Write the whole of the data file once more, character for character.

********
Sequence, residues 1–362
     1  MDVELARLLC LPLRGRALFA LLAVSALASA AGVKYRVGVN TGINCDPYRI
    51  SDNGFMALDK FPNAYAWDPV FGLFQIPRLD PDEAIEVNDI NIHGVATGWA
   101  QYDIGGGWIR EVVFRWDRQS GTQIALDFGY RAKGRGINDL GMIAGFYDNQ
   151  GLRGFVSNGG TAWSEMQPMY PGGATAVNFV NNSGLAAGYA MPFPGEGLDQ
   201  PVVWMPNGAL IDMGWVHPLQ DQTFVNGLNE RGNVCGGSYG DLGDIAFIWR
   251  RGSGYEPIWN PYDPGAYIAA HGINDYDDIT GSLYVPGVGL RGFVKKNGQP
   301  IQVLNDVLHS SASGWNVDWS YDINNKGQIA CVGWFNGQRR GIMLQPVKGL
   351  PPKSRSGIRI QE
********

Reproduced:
Sequence, residues 1–362
     1  MDVELARLLC LPLRGRALFA LLAVSALASA AGVKYRVGVN TGINCDPYRI
    51  SDNGFMALDK FPNAYAWDPV FGLFQIPRLD PDEAIEVNDI NIHGVATGWA
   101  QYDIGGGWIR EVVFRWDRQS GTQIALDFGY RAKGRGINDL GMIAGFYDNQ
   151  GLRGFVSNGG TAWSEMQPMY PGGATAVNFV NNSGLAAGYA MPFPGEGLDQ
   201  PVVWMPNGAL IDMGWVHPLQ DQTFVNGLNE RGNVCGGSYG DLGDIAFIWR
   251  RGSGYEPIWN PYDPGAYIAA HGINDYDDIT GSLYVPGVGL RGFVKKNGQP
   301  IQVLNDVLHS SASGWNVDWS YDINNKGQIA CVGWFNGQRR GIMLQPVKGL
   351  PPKSRSGIRI QE